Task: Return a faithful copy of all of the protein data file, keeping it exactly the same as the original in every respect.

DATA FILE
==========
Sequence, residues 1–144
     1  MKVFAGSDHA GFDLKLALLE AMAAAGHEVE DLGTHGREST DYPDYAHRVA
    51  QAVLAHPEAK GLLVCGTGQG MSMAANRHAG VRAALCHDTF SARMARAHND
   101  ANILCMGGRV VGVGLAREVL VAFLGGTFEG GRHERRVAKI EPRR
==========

Sequence, residues 1–144
     1  MKVFAGSDHA GFDLKLALLE AMAAAGHEVE DLGTHGREST DYPDYAHRVA
    51  QAVLAHPEAK GLLVCGTGQG MSMAANRHAG VRAALCHDTF SARMARAHND
   101  ANILCMGGRV VGVGLAREVL VAFLGGTFEG GRHERRVAKI EPRR